First, though, it's worth talking about what we didn't go with. Many tiny housers choose to heat water and cook with propane, especially when they're generating solar power for other energy needs. Keeping those two energy-sucking activities off a solar setup is a good idea. But we're trying to move away from fossil fuels, and we support anti-fracking efforts. Plus, poorly vented propane setups can be a major health hazard.
Alcohol, on the other hand, is a clean-burning fuel with no toxic byproducts. It's a renewable fuel, easily available and safe to transport. If we ever got enterprising enough, we could even make our own alcohol. Another bonus: An alcohol fire can easily be put out with water--and, with no gas lines or canisters and nothing under pressure, there's never a risk of leaks or explosions.
We were introduced to alcohol-burning stoves at the tiny house conference we attended last April. We ate cookies fresh out of one oven (thanks, Kelly Ross!) and drank steaming coffee prepared on someone else's stove. We had first-hand testimonials that they worked. And now we can add our endorsement: we've made our own coffee, done our own baking, cooked our own chili, etc. Though we had read complaints about how long it takes to heat up an alcohol oven and boil water on an alcohol stove, that hasn't been our experience. It may take a little longer than a traditional stove/over, but, hey, we're not in such a hurry these days.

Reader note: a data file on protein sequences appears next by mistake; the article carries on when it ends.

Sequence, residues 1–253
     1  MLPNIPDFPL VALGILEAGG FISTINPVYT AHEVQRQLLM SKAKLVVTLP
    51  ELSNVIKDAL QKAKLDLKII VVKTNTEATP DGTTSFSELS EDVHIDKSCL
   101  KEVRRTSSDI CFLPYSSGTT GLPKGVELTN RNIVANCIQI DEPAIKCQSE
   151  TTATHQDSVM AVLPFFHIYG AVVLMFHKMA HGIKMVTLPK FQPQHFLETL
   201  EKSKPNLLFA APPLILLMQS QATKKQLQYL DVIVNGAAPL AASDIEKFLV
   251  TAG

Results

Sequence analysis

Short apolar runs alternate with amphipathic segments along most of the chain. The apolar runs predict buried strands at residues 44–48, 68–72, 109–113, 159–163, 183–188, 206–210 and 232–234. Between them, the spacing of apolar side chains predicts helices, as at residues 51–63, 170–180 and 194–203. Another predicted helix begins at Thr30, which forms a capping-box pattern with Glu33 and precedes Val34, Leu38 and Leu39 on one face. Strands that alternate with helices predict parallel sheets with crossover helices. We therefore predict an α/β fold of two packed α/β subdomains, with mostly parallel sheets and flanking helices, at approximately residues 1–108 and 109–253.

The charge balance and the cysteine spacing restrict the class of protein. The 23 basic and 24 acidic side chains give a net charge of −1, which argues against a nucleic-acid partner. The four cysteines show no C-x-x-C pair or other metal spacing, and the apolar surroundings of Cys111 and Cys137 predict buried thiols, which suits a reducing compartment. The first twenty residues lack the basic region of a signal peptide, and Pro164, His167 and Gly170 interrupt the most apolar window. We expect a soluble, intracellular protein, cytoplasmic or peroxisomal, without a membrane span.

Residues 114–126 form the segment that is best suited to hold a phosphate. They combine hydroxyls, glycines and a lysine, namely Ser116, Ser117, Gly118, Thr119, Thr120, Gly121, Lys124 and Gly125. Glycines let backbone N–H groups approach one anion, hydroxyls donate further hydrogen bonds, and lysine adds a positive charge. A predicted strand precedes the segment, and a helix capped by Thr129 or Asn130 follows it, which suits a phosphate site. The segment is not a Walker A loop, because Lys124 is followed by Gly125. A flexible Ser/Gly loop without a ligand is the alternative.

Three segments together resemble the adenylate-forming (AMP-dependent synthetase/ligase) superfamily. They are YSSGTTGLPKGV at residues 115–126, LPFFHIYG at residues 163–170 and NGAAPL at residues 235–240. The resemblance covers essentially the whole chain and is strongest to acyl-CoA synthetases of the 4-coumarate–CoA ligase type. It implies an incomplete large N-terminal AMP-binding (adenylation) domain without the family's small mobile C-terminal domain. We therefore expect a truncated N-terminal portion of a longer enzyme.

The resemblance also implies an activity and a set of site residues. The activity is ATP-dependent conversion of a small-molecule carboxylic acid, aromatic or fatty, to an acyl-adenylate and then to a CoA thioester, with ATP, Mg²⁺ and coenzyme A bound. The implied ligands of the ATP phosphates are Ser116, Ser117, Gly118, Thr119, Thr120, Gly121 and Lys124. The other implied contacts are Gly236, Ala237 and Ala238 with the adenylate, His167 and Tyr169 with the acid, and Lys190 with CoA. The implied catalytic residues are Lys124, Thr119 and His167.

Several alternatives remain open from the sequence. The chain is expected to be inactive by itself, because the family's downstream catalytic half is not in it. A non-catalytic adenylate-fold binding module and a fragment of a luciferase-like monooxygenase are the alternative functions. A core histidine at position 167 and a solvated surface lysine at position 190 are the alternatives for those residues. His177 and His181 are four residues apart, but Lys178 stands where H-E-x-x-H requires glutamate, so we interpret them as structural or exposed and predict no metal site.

This stove suits tiny house living. It's compact. (Adorably so, one of us would say.) Its stainless steel surfaces are a cinch to keep clean. And, with no electronics, people report using these stoves for years and years without a hitch.
The mechanics: each burner has a reusable canister, which gets filled with 40 ounces of denatured alcohol and will burn for 4-10 hours, depending on how high the heat. The oven has its own canister. Wool inside the canisters hold the alcohol so securely, you can even turn one over without the alcohol dripping out. It's the vapor of the alcohol that burns after lighting, and, to keep the alcohol from evaporating when we're not cooking, we have rubber discs that sit atop the openings.
In sum: The Origo 6000 is efficient, clean-burning and attractive. It's also expensive (more than $1500!), but it's an investment we're happy with.